Photo via Army Signal Corps Collection in the U.S. National Archives
In honor of its 90th anniversary, The New Yorker has removed the paywall for a 1944 article in which A.J. Liebling reports from a crowded LCIL, short for Landing Craft, Infantry, Large, waiting to shove off toward the Normandy coast for the D-Day invasion. The author observes and interacts with sailors and soldiers of varying rank and backgrounds as they prepare for the invasion and fight boredom with paper-cover, armed-services editions of books, canned food, and poker.
Liebling preserves the regional accents of his subjects when transcribing their colorful quotes, so readers can hear their distinctive voices as they gripe about steep gangplanks, crack jokes, and trade rumors. Among the assortment of uniformed personalities Liebling speaks with is a Coast Guard coxswain, charged with being the first man off the landing craft to stretch a guideline for disembarking infantry. “I asked the boy what he was going to wear when he went into the water with the line and he said just swimming trunks and a tin hat,” Liebling wrote. “He said he was a fair swimmer.”
Every once in a while, we run across a photo in The Times-Picayune archives that's so striking that it begs a simple question: "What in the name of Momus Alexander Morgus is going on in this New Orleans photograph?" When we do, we've decided, we're going to share it — and to attempt to answer that question.
Members of the Syrian Democratic Forces control the monitor of their drone at their advanced position, during the fighting with Islamic State's fighters in Nazlat Shahada, a district of Raqqa. (Reuters/Zohra Bensemra)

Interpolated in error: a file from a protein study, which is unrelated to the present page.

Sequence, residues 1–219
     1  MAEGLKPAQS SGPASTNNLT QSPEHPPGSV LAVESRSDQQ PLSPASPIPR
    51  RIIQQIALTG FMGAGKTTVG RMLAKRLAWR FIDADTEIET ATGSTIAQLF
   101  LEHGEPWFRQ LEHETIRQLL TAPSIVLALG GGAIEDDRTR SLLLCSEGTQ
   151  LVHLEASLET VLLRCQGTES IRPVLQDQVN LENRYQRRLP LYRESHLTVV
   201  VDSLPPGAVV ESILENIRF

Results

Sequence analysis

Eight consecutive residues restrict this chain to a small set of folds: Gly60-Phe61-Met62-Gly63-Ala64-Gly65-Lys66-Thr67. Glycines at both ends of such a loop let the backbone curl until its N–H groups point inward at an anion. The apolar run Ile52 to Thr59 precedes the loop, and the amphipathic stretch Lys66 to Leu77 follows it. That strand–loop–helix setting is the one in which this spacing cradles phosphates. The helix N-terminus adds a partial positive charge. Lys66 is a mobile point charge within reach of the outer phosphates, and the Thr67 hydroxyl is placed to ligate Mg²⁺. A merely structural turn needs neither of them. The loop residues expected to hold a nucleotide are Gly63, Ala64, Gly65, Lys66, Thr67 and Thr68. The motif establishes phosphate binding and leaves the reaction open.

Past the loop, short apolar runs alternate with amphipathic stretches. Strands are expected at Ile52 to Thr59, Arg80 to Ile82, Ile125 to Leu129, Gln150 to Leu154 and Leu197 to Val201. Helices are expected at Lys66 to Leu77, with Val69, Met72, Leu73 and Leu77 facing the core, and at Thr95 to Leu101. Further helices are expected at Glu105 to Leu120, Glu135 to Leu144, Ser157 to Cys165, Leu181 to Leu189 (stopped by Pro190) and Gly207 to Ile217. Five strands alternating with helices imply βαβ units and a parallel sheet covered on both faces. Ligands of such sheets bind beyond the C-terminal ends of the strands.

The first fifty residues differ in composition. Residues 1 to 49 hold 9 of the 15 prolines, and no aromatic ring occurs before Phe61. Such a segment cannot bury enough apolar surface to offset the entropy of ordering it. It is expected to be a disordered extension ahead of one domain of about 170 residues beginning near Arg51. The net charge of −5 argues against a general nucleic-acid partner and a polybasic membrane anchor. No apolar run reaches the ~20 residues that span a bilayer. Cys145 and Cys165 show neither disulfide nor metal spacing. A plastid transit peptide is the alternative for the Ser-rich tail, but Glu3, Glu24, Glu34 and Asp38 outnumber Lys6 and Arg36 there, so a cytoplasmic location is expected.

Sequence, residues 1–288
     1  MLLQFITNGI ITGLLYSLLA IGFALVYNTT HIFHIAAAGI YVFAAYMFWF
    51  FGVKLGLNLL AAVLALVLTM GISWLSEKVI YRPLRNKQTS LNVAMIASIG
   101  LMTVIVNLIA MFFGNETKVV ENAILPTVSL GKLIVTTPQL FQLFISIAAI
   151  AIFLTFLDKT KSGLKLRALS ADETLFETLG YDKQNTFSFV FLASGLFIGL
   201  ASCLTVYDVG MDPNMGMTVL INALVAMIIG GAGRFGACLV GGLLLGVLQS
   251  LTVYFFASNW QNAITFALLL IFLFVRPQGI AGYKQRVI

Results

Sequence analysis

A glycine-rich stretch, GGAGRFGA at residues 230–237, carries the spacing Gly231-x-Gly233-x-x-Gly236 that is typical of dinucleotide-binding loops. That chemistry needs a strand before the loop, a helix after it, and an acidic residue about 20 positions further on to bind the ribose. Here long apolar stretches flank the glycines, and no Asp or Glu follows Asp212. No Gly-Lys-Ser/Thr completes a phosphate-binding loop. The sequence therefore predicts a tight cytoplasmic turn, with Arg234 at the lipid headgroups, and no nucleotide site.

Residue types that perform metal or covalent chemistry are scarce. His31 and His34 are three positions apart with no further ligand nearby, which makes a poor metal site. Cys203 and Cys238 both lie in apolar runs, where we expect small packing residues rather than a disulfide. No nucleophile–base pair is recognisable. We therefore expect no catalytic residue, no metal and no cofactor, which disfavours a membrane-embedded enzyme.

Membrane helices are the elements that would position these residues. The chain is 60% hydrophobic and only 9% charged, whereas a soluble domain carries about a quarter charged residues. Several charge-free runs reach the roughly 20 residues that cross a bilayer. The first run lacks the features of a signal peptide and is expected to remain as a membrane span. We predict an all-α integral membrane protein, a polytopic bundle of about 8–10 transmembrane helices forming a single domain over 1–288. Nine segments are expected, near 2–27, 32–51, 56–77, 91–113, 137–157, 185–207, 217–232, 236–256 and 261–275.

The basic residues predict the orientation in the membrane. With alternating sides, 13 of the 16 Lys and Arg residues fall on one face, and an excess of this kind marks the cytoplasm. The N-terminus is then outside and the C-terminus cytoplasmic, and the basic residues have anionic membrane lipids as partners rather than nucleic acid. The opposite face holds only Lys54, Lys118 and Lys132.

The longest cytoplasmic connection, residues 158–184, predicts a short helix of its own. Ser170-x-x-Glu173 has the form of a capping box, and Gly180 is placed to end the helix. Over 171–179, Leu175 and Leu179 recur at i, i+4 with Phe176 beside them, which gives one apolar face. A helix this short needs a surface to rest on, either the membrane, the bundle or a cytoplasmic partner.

MUSCAT (Reuters) - The United States should keep arming and aiding the Kurdish-led Syrian Democratic Forces (SDF) following the planned U.S. withdrawal from Syria, provided the group keeps up the pressure on Islamic State, a senior U.S. general told Reuters on Friday.
Long before Tony Stark took a load of shrapnel to the chest in a distant war zone, science fiction legend Robert Heinlein gave America the most visceral description of powered armor for the warfighter of the future. Forget the spines of extra-lethal weaponry, the heads-up display, and even the augmented strength of an Iron Man suit — the real genius, Heinlein wrote in Starship Troopers, "is that you don't have to control the suit; you just wear it, like your clothes, like skin."
"Any sort of ship you have to learn to pilot; it takes a long time, a new full set of reflexes, a different and artificial way of thinking," explains Johnny Rico. "Spaceships are for acrobats who are also mathematicians. But a suit, you just wear."
First introduced in 2013, U.S. Special Operations Command's Tactical Assault Light Operator Suit (TALOS) purported to offer this capability as America's first stab at militarized powered armor. And while SOCOM initially promised a veritable Iron Man-style tactical armor by 2018, a Navy spokesman told Task & Purpose the much-hyped exoskeleton will likely never get off the launch pad.
"The prototype itself is not currently suitable for operation in a close combat environment," SOCOM spokesman Navy Lt. Phillip Chitty told Task & Purpose, adding that JATF-TALOS has no plans for an external demonstration this year. "There is still no intent to field the TALOS Mk 5 combat suit prototype."